Assured Management is an industry leader in property management serving the West side of Denver Metro Area.
Your lease agreement is the most important document that you’ll sign with your tenant. It’s meant to protect you and your property, and it’s also something that the tenant can use to answer questions during the tenancy. It’s important that you use a lease which is enforceable in Colorado and compliant with all federal, state, and local laws. We don’t recommend that you simply download a sample lease from any website you find on the internet. Get a professional lease from a professional property manager or a real estate attorney.
Every lease will vary depending on the property that’s being rented and the people who are involved. However, there are a few things that you absolutely need to include in your lease agreement.
Contact and Identifying Information
Every lease should include the names of the landlord and the tenant. You’ll want to provide the property address as well, with a description of what the property looks like. For example, you’ll state that it’s a single-family home with two stories or a unit in a fourplex with private parking. List the names and ages of all occupants as well, even if they aren’t old enough to sign the lease. If there are pets, describe the pets and include a copy of your pet policy so the tenants have something in writing regarding responsibilities and expectations.
Lease and Renewal Terms
The lease agreement must include the effective date of the lease and the day that it ends. Most leases are one-year in length, but yours could be 18 months or six months. In addition to the lease term, your agreement should also reference the procedures that each party must follow when the lease is ending. The tenant will have to notify the landlord within 30 or 60 days of their intention to move out, for example. Or, the landlord will have to offer a lease renewal 30 days in advance of the lease ending. Or, the lease could convert to a month-to-month agreement at the end of the term.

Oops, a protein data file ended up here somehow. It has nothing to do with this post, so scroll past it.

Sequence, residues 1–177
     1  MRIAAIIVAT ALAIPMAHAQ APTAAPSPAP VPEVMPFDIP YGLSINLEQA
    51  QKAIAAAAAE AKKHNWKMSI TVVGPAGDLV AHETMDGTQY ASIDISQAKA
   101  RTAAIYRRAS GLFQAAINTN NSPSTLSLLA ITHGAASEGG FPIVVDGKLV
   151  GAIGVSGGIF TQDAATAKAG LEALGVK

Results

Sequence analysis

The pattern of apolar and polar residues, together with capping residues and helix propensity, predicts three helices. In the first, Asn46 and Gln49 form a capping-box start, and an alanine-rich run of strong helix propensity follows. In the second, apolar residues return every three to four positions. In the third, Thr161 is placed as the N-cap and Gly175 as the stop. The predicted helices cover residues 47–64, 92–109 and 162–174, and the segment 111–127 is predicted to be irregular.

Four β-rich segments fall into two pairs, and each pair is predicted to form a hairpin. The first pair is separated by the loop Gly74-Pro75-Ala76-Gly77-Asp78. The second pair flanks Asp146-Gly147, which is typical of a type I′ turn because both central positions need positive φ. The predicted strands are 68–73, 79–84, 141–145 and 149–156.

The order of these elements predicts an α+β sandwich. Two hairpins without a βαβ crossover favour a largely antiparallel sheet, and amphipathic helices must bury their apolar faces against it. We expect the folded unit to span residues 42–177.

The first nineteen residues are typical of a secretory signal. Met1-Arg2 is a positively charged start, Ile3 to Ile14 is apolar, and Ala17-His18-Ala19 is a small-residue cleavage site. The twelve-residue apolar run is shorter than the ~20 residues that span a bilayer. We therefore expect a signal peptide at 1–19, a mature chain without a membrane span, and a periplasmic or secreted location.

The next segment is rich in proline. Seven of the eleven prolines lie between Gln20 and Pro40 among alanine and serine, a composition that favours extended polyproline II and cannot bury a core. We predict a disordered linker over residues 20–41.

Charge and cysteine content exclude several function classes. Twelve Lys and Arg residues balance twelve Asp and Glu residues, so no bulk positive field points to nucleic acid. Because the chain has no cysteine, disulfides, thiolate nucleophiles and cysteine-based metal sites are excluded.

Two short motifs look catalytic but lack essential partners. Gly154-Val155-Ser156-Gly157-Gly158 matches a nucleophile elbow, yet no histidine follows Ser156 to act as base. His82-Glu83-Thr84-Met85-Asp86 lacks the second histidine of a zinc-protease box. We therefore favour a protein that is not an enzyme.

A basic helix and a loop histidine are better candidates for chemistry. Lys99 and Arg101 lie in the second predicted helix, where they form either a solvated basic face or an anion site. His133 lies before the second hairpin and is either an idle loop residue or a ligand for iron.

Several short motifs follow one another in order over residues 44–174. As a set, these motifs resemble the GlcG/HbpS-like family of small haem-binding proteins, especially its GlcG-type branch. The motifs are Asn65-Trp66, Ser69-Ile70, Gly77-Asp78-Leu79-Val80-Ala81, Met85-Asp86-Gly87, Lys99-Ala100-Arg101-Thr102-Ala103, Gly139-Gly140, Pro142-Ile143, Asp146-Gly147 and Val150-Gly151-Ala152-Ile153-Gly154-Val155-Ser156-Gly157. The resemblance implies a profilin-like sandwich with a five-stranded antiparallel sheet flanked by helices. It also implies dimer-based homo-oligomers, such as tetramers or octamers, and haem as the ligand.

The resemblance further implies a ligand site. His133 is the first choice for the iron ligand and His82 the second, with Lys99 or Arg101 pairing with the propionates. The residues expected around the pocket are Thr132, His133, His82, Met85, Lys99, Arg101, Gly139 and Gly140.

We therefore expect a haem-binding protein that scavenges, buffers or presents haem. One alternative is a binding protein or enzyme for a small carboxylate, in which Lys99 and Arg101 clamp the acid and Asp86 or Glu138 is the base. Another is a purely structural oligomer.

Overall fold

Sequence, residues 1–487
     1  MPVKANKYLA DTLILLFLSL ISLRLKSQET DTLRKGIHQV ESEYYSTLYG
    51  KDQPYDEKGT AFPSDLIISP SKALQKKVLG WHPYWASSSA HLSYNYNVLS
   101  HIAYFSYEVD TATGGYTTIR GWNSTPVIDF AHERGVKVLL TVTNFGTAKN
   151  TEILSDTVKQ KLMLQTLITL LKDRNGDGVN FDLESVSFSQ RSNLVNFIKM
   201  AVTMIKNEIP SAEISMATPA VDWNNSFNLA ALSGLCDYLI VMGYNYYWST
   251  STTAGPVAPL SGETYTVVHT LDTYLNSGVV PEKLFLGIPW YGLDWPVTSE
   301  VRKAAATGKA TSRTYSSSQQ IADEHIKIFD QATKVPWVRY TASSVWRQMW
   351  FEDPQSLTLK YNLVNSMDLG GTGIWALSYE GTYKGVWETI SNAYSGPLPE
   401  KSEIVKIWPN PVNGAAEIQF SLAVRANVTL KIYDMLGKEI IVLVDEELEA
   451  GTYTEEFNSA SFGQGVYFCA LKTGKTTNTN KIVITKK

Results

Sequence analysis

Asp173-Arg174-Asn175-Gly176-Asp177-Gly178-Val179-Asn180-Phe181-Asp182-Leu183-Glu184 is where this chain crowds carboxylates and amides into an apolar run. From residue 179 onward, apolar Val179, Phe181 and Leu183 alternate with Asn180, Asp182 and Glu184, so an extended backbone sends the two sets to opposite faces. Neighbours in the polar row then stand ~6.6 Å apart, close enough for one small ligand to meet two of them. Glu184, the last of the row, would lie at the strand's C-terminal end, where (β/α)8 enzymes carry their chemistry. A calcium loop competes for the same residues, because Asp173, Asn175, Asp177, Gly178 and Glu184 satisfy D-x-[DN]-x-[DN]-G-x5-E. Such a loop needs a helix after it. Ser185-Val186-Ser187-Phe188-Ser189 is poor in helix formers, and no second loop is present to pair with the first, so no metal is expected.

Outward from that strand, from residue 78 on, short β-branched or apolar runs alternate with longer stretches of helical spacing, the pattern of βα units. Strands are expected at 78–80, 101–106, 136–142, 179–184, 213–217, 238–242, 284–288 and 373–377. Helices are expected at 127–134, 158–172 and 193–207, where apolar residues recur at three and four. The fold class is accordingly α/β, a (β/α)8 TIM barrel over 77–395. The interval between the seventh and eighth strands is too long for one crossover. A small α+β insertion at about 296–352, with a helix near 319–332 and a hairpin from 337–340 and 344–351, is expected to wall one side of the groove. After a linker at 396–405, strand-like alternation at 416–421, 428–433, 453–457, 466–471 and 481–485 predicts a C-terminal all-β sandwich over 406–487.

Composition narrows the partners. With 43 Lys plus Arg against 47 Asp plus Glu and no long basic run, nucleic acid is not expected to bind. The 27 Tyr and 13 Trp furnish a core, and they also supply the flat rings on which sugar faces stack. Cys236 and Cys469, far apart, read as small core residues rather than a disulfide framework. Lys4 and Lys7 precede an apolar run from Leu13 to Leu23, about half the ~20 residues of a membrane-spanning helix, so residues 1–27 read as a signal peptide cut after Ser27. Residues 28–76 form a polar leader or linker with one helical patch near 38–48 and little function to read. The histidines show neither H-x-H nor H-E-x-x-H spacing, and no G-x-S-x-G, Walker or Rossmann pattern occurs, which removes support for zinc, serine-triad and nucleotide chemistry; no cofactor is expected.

Rent and Security Deposit Payments
Note the amount of security deposit that the tenants paid, and specify when it will be returned. Colorado law requires that you return the deposit within 30 days of the tenants moving out, unless your lease specifies otherwise. The maximum amount of time you’ll have is 60 days.
You need to stipulate how much rent is due every month, how it should be paid, and when it’s due. If there’s a grace period, make sure your lease reflects that. If you’re implementing late fees once the rent payment is late, your lease agreement must include that information as well as any other consequences to late or unpaid rent.
Additional Rules and Responsibilities
Beyond the required information, your lease should include everything you want the tenant to know about the expectations you have while they’re living in your property. Many landlords have non-smoking homes, which means tenants are not permitted to smoke anything inside the property. You might want to include limits to how long guests can stay in the property and the number of cars that can be parked in the driveway. Make sure you’re detailed and you cover everything because this is the first place you and your tenants will go if there’s ever a dispute.
We write and negotiate leases for our rental property owners every day. If you have any questions, please contact us at Assured Management. We’d love to be your Lakewood property management resource.